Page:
A landlocked country in West Africa, Mali is one of the five least developed countries in the world. Over 90 percent of Mali’s population lives in the more fertile southern region of the country. The Niger River acts as important trade passage in the south.

  • Population: 14,853,600
  • Life Expectancy: 55 years
  • Access to Safe Water: 65%
  • School Enrollment: 67%
  • Land Mass: 478,840 sq. mi.
  • Literacy Rate: 33%
  • Under Age 5 Mortality Rate: 128/1000
  • Average Annual Income (GNI): 660

Facts about Mali

Economic Development

More than half of Mali’s population lives below the international poverty line of $1.25 per day.

Child Protection

The phenomenon of abandoned children has reached alarming proportions in the major urban areas. Childcare facilities receive an average of 400 children per year.

Child Protection

Abuse and violence against children are the most widespread violations of human rights, especially in the family and at school.

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Progress in Mali

Thanks to the generous support of our sponsors. World Vision was able to work alongside communities to accomplish the following in 2014.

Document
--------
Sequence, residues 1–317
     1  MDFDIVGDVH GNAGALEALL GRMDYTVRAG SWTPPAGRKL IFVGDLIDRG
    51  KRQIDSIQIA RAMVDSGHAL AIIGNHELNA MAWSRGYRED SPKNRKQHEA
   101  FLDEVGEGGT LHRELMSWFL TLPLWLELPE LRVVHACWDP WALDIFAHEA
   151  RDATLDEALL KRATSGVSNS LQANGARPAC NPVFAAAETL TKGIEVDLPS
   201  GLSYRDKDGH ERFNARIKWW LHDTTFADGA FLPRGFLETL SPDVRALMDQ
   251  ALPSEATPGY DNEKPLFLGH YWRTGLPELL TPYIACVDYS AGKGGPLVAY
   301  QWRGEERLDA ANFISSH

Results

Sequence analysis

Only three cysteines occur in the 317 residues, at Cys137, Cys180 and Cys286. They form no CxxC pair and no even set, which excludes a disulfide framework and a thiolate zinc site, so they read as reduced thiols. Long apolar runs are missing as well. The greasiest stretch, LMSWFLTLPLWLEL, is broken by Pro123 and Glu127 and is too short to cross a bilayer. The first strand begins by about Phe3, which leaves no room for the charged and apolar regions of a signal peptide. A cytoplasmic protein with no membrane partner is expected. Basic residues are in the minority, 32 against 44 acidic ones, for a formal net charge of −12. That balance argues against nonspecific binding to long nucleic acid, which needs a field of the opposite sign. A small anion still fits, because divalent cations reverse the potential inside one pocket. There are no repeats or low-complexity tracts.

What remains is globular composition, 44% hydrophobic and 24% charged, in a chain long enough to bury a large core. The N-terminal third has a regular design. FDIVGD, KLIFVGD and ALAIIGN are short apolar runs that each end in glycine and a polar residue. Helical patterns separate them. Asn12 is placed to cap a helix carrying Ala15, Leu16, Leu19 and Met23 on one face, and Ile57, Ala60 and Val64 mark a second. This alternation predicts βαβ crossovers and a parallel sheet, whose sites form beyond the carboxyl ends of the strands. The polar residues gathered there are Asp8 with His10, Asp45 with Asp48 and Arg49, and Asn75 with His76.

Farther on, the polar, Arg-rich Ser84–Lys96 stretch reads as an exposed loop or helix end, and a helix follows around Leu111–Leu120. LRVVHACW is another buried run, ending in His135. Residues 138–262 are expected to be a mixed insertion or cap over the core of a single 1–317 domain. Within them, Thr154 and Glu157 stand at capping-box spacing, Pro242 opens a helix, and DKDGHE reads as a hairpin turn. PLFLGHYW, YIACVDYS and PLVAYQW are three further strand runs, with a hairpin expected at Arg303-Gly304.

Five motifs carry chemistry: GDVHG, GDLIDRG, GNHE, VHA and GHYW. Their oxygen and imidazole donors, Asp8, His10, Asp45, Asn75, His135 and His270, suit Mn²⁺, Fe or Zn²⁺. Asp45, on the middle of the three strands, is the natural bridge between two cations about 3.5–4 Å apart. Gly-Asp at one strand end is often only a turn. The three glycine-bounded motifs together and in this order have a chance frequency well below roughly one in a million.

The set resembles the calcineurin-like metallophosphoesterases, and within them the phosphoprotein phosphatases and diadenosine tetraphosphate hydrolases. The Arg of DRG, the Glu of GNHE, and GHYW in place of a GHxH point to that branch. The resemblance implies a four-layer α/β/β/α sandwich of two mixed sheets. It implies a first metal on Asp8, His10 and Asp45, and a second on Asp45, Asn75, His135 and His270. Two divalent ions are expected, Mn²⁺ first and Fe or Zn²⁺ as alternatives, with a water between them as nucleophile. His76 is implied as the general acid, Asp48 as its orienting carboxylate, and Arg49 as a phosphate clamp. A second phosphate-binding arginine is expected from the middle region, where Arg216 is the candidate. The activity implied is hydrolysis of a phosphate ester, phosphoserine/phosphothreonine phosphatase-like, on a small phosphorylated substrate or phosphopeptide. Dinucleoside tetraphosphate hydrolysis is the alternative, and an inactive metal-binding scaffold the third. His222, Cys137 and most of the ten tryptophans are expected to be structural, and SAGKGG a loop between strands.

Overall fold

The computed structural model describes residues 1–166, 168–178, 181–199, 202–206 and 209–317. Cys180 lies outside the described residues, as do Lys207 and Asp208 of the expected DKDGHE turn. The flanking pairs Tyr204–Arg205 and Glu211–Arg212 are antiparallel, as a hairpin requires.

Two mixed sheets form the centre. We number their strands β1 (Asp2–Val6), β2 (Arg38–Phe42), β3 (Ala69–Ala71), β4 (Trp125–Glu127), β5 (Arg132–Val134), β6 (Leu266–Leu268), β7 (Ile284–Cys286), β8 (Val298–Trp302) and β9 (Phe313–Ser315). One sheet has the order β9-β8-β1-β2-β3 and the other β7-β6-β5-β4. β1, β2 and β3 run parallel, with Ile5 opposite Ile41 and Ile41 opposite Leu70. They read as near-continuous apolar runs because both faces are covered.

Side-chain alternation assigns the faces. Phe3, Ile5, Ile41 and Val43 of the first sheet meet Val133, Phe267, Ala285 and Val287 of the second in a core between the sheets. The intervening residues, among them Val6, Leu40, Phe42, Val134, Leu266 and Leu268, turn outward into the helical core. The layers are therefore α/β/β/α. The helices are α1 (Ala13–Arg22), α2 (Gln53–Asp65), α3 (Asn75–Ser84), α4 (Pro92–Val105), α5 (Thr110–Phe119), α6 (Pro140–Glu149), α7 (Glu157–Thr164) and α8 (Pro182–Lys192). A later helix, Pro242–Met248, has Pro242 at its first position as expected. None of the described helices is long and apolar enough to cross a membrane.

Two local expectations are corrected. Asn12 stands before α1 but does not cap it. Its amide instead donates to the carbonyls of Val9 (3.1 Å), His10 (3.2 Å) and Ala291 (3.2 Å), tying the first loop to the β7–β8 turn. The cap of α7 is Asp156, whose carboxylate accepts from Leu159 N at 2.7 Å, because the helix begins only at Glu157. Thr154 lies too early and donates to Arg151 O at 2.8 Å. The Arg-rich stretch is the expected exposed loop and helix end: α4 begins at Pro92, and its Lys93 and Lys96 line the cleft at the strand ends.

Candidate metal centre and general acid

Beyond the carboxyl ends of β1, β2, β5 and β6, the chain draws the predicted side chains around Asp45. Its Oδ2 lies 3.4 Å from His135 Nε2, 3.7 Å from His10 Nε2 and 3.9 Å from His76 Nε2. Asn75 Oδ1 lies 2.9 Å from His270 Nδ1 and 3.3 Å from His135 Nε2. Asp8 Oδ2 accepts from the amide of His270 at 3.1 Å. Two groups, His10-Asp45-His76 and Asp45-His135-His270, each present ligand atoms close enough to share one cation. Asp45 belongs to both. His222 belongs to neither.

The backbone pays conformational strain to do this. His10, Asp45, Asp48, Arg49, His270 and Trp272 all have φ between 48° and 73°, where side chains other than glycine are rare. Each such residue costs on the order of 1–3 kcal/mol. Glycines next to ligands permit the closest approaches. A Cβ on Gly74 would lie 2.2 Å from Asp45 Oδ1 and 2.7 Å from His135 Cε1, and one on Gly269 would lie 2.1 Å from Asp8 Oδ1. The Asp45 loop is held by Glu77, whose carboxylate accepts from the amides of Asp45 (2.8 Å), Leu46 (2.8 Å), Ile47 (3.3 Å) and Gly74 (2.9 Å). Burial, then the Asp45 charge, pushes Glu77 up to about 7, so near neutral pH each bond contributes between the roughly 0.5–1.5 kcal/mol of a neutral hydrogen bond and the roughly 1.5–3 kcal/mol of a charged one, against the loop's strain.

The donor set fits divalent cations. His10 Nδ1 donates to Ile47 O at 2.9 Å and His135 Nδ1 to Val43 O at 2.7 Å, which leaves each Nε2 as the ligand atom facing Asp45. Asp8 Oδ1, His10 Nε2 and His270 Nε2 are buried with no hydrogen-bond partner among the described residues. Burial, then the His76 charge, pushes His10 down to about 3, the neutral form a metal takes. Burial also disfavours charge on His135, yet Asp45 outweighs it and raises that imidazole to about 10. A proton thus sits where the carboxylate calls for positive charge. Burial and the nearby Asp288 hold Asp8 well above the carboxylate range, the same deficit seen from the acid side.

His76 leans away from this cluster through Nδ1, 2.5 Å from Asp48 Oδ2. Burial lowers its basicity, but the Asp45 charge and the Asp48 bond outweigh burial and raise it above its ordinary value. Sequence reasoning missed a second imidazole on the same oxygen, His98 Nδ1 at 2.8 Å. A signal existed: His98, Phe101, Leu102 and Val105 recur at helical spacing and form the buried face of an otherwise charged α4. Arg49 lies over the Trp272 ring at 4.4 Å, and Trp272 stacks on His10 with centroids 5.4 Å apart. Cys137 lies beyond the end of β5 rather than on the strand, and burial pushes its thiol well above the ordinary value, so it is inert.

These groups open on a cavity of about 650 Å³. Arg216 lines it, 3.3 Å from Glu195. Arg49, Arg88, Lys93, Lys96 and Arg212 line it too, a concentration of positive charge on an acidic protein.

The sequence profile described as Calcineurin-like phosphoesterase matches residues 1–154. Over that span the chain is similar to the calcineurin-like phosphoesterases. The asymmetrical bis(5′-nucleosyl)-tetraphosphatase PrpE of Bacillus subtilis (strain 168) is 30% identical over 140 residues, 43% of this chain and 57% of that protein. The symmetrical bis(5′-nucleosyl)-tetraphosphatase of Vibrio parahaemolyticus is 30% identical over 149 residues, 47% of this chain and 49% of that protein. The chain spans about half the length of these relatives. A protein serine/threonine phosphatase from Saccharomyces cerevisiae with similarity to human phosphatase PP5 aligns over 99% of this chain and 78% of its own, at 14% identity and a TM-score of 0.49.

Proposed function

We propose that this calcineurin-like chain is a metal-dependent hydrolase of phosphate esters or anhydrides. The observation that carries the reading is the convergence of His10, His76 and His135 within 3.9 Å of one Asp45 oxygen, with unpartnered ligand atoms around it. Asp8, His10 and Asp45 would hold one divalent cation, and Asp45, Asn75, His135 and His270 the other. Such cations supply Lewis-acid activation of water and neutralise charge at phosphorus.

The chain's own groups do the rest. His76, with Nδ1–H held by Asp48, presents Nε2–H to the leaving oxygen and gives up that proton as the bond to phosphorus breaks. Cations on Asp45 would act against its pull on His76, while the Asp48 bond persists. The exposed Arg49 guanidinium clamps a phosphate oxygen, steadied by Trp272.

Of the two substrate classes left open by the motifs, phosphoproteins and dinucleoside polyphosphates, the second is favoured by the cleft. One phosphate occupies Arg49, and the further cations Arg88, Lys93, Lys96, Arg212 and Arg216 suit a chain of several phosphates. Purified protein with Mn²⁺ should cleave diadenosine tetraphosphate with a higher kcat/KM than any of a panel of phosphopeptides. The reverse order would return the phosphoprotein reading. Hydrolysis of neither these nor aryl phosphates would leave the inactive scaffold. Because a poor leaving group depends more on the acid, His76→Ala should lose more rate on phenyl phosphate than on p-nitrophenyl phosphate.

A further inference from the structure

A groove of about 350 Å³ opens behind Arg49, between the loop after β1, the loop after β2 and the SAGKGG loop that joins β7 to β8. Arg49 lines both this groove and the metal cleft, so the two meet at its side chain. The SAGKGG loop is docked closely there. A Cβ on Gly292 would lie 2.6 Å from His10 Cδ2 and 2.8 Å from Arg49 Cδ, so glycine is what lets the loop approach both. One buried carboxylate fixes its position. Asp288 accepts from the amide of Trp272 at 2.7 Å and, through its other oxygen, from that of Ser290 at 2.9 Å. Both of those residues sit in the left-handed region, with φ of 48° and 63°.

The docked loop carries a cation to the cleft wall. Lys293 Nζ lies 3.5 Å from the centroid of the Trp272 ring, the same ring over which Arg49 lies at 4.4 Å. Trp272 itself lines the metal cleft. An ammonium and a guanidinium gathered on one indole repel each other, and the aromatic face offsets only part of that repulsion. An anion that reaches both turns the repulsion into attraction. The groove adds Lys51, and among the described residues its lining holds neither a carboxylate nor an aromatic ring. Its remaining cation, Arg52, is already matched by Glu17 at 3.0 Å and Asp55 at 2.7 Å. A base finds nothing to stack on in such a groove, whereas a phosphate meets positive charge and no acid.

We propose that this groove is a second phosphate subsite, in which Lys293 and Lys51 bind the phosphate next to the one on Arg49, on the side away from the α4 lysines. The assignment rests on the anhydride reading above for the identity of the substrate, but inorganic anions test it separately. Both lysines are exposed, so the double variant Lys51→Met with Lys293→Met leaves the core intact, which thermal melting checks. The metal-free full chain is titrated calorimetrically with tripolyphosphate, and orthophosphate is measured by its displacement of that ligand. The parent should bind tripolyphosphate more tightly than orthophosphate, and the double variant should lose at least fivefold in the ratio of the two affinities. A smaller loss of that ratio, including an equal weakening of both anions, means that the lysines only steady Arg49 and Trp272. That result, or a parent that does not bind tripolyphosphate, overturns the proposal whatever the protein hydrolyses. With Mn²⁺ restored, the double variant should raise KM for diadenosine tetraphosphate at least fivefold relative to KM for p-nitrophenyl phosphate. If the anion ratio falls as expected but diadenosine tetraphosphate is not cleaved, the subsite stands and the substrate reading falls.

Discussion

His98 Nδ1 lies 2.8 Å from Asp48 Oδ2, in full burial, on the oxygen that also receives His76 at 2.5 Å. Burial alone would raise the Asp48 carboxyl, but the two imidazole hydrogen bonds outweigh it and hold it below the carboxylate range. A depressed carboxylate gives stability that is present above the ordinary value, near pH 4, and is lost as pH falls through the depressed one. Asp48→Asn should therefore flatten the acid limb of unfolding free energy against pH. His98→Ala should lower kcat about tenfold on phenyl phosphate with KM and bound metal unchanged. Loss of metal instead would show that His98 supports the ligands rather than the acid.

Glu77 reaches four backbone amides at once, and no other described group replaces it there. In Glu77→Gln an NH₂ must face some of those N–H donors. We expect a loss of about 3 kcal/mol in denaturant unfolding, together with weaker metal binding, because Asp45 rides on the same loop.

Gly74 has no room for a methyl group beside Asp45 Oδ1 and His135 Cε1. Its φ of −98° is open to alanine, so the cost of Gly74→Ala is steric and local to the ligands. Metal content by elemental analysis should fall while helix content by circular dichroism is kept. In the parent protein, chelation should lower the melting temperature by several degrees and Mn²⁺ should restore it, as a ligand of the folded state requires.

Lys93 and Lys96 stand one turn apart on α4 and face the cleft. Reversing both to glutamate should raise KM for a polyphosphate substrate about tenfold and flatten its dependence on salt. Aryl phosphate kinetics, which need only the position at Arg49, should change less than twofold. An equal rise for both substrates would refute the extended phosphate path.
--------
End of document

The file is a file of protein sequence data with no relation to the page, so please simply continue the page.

• Communities participated in our training sessions where they learned to develop natural disaster mitigation plans.

  • To improve children's reading and writing skills, we implemented the Interactive Radio Instruction (IRI) approach. IRI is a learning system that helps students interact in the classroom with radio characters and participate in activities suggested by the radio program.

  • School management committees have been trained in administrative and financial management in order to support schools and improve the quality of education.

  • To increase production and improve nutrition for families, farmers have been trained in organic manure preparation, drip irrigation, and post-harvest management techniques that ensure crops are dry and pest free.

  • We worked to reduce malnutrition in children by training mothers on exclusive breastfeeding, childhood nutrition, growth monitoring, and the correct management of diarrhea which can dehydrate and endanger little ones.

  • Religious leaders and health educators were trained in HIV and AIDS awareness so they could share information about prevention and treatment and decrease the stigma against people in the community living with AIDS.

  • Demonstrating Christ’s love through our actions, we worked among the children and families of the community to promote peace and justice and encourage understanding.

  • To reduce the number of malaria cases, we distributed mosquito nets to families and taught caregivers about malaria symptoms and treatment.

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    World Vision in Mali Today